Displaced civilians have borne the brunt of the conflict in the Muslim-majority southern region, which has claimed at least 120,000 lives since the 1970s.
Talk to resume
Talks collapsed last year after a supreme court declared unconstitutional a preliminary accord on an expanded Muslim autonomous region.
|Some 250,000 people have been displaced in the struggle for a Muslim homeland [Reuters]
The ruling sparked months of clashes that killed hundreds of people and forced more than half a million to flee their homes. Most of them have since returned.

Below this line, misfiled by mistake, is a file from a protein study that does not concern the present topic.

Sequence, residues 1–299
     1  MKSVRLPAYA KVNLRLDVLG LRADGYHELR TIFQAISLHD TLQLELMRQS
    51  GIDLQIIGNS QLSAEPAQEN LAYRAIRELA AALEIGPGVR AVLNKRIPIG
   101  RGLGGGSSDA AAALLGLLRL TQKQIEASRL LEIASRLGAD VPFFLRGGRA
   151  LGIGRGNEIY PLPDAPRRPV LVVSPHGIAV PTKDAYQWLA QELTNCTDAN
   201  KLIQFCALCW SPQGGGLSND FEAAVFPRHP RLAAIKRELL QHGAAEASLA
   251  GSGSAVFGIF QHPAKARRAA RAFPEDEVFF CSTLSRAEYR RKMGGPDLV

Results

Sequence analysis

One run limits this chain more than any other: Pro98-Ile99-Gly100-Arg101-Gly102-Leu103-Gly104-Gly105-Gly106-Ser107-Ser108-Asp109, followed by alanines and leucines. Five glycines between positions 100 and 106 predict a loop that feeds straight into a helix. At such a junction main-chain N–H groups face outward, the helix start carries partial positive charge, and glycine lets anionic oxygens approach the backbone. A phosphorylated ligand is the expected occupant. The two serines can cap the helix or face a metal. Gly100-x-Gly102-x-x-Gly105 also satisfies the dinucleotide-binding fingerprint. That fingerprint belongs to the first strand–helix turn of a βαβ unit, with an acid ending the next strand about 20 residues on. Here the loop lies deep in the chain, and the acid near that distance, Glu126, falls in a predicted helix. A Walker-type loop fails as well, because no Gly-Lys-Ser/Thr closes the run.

The fighting in the southern Mindanao region eased in July and both sides agreed last month to resume the negotiations.
Rafael Seguis, a government negotiator, said both sides will now discuss measures to enforce the accord once formal talks resume later this year.
"It's aimed at preventing massive numbers of internally-displaced persons," said Seguis.
A spokesman for the MILF said Tuesday's accord will pave the way for
a formal resumption of Malaysian-brokered peace talks, which collapsed last
year amid renewed clashes.
"The next logical move is to resume the peace negotiations," said Eid Kabalu.
US and European officials have called for renewed talks, saying the peace process would help turn rebel strongholds into economic growth areas instead of sanctuaries for al-Qaeda-linked groups.